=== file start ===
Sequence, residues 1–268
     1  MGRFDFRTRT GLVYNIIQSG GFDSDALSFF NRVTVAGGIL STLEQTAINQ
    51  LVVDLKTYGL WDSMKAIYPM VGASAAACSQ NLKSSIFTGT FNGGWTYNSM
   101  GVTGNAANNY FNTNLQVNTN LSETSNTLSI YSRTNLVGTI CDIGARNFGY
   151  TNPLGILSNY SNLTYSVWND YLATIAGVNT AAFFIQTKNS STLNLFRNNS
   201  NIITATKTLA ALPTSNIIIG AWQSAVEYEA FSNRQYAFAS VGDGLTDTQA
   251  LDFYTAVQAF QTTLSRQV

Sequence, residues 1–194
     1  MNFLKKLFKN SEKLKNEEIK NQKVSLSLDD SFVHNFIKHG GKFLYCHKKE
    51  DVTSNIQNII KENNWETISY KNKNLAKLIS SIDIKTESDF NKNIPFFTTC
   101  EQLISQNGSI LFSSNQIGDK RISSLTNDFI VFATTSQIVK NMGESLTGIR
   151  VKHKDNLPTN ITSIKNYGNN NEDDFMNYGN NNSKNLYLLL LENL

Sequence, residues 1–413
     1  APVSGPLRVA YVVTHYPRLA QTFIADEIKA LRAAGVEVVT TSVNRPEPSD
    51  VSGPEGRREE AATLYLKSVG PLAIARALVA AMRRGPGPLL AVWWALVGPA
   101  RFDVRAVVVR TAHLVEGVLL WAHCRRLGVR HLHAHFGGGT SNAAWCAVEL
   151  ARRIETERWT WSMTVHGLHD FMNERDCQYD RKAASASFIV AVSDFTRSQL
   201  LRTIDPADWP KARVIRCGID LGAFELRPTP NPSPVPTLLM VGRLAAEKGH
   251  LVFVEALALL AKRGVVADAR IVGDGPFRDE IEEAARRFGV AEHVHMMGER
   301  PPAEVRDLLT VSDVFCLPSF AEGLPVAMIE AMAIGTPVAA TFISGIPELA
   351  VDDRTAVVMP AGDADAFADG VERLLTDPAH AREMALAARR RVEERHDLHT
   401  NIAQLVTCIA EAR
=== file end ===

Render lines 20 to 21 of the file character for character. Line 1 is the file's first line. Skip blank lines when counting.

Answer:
   301  PPAEVRDLLT VSDVFCLPSF AEGLPVAMIE AMAIGTPVAA TFISGIPELA
   351  VDDRTAVVMP AGDADAFADG VERLLTDPAH AREMALAARR RVEERHDLHT